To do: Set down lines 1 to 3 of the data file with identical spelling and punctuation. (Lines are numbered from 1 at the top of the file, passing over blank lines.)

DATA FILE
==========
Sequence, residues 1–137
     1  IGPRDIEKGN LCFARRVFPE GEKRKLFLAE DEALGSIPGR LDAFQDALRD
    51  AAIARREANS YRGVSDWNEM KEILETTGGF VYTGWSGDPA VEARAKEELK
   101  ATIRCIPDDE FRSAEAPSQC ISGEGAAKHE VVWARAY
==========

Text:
Sequence, residues 1–137
     1  IGPRDIEKGN LCFARRVFPE GEKRKLFLAE DEALGSIPGR LDAFQDALRD
    51  AAIARREANS YRGVSDWNEM KEILETTGGF VYTGWSGDPA VEARAKEELK